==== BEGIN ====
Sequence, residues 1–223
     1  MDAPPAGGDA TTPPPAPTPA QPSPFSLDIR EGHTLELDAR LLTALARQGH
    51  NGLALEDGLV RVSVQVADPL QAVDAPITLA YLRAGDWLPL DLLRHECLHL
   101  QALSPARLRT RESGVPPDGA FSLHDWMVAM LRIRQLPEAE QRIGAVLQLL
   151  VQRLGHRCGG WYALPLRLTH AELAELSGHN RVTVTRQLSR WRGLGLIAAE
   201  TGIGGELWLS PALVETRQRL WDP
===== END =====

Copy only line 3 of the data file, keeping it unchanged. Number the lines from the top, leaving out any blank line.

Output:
    51  NGLALEDGLV RVSVQVADPL QAVDAPITLA YLRAGDWLPL DLLRHECLHL